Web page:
(b) "Lead poisoning" means the disease present when the concentration of lead in whole venous blood reaches or exceeds levels constituting a health risk, as specified in the most recent United States Centers for Disease Control guidelines for lead poisoning as determined by the department, or when the concentration of lead in whole venous blood reaches or exceeds levels constituting a health risk as determined by the department pursuant to Section 105300.

(c) "Department" means the State Department of Health Services.

(d) "Health assessment" has the same meaning as prescribed in Section 6800 of Title 17 of the California Code of Regulations.

(e) "Screen" means the medical procedure by which the concentration of lead in whole venous blood is measured.

(f) "Health care" means the identification, through evaluation and screening, if indicated, of lead poisoning, as well as any followup medical treatment necessary to reduce the elevated blood lead levels.

(g) "Environmental lead contamination" means the persistent presence of lead in the environment, in quantifiable amounts, that results in ongoing and chronic exposure to children.

105285. Standard of care. (a) After July 1, 1992, but on or before July 1, 1993, the department shall adopt regulations establishing a standard of care, at least as stringent as the most recent United States Centers for Disease Control screening guidelines, whereby all children shall be evaluated for risk of lead poisoning by health care providers during each child's periodic health assessment. The regulations shall be developed in consultation with medical experts, environmental experts, appropriate professional organizations, and the public, as determined by the department.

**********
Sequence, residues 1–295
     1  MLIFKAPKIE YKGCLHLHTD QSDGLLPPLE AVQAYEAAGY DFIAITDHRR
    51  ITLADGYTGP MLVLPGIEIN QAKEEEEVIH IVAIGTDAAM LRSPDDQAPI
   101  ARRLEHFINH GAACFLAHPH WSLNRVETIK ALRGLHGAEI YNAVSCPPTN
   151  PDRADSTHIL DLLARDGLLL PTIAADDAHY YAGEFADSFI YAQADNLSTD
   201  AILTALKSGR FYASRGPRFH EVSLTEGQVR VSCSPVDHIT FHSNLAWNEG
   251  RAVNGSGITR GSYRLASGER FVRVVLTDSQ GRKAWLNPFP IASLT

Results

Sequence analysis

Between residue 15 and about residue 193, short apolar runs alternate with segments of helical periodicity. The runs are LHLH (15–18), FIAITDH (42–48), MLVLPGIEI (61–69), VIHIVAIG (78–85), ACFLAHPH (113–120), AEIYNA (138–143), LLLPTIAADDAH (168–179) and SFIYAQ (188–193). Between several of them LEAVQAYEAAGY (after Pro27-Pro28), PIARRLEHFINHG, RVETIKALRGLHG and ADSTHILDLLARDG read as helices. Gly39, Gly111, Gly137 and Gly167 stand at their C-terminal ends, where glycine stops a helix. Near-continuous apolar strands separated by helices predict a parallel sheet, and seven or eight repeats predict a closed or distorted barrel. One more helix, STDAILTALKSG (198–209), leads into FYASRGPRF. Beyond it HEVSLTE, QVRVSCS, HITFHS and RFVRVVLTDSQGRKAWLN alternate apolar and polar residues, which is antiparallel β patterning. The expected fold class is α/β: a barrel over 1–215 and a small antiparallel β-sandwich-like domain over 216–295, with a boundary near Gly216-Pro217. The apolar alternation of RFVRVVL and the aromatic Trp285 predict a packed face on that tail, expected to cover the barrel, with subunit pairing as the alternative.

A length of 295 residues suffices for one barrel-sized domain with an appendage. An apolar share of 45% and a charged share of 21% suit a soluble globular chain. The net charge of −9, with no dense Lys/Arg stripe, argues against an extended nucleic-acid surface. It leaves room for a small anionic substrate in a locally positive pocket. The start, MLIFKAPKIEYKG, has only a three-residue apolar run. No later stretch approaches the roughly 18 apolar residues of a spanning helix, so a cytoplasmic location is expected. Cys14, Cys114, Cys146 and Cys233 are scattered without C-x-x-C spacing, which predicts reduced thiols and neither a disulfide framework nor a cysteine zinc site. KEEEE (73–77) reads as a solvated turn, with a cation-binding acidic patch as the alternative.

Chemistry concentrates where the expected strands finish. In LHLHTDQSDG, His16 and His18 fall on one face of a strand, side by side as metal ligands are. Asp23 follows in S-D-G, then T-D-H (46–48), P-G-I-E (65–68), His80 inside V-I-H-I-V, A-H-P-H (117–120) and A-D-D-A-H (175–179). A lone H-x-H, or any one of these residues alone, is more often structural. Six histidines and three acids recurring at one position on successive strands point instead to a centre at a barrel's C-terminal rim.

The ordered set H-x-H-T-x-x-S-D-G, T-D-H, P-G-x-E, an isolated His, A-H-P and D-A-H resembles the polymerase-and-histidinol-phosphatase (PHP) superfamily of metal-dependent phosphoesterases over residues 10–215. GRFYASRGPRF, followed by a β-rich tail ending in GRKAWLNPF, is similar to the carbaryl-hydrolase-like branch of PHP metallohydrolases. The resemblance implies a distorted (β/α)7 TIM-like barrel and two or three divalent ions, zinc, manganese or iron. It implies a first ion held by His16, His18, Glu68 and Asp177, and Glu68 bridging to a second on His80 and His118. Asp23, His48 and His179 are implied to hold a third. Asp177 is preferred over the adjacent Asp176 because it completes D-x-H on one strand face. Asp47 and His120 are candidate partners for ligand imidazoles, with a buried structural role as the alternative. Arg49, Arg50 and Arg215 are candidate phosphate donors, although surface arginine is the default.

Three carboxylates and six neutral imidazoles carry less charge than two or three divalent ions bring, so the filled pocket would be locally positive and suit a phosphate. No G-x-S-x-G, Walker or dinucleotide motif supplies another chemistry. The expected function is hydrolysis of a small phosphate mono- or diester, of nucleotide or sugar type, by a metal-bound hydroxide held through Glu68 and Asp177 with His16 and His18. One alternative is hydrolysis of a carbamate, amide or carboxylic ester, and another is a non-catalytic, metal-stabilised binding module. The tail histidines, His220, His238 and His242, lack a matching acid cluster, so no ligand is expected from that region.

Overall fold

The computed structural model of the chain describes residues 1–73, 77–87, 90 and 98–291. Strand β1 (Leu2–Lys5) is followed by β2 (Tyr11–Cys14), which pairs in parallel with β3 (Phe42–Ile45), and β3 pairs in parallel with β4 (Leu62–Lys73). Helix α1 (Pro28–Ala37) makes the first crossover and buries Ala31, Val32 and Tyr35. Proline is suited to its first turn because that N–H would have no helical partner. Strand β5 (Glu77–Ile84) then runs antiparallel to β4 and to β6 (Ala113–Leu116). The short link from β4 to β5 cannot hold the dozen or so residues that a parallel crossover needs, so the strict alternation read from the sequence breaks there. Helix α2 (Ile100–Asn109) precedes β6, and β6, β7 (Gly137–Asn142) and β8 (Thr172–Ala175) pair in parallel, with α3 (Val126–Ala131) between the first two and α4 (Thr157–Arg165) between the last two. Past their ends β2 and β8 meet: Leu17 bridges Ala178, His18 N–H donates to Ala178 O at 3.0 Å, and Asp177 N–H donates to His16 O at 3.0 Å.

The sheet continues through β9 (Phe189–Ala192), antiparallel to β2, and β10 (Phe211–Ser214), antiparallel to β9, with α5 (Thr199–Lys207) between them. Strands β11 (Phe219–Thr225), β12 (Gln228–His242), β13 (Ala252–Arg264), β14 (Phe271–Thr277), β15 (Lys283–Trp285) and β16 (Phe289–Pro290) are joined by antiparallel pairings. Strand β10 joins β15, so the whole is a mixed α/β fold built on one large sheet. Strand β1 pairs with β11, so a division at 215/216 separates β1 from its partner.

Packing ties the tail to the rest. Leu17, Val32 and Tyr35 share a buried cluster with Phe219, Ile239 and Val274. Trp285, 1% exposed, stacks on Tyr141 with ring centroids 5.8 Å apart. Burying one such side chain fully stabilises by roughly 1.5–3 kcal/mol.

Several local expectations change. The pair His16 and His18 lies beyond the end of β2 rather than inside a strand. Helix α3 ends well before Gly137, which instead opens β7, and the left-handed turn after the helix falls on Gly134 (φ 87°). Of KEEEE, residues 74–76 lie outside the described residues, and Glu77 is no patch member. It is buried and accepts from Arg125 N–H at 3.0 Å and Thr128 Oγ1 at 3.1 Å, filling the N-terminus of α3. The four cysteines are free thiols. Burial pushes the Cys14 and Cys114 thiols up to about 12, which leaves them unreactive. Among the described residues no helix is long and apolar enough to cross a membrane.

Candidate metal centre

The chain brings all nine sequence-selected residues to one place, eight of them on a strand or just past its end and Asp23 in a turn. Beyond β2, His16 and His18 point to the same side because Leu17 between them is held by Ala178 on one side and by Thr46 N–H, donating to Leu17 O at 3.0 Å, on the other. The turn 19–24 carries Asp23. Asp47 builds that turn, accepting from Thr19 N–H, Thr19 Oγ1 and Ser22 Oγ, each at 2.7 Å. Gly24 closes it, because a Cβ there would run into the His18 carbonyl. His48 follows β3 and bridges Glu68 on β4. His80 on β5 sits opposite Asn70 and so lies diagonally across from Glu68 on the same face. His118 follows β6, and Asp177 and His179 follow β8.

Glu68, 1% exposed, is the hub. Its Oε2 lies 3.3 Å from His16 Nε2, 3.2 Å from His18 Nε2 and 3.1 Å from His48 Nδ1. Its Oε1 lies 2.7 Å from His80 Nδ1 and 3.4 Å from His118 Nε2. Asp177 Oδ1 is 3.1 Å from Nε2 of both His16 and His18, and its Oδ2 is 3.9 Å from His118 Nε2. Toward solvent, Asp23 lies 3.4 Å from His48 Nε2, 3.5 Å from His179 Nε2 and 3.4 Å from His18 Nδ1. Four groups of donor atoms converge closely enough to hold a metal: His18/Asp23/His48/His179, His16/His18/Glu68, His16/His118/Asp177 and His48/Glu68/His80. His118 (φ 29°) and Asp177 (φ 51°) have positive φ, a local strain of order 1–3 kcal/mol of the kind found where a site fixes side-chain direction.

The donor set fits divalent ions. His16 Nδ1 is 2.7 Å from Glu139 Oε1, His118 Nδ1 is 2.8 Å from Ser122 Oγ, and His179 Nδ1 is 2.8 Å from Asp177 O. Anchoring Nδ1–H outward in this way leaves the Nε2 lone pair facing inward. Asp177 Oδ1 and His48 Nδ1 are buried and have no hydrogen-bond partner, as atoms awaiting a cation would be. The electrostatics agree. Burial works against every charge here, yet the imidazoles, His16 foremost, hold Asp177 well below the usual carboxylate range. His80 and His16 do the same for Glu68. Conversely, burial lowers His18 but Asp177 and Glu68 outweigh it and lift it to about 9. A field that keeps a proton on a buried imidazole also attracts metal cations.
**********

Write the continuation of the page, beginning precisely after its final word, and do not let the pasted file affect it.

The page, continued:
(b) The standard of care shall provide that, upon evaluation, those children determined to be "at risk" for lead poisoning, according to the regulations adopted pursuant to subdivision (a), shall be screened.

(c) The standard of care shall provide that no child shall be screened pursuant to this article if the parent or guardian of the child refuses to consent to the screening.

(d) The standard of care shall provide that health care providers shall be responsible only for evaluation of all children, for screening of children determined to be at risk, and for medically necessary followup services.

(e) The standard of care established pursuant to this section shall not become operative before April 1, 1993.

105290. Case management. On or after April 1, 1993, in those instances in which a child is identified with lead poisoning, the department shall ensure appropriate case management. The department may contract with any public or private entity, including local agencies, to conduct the case management.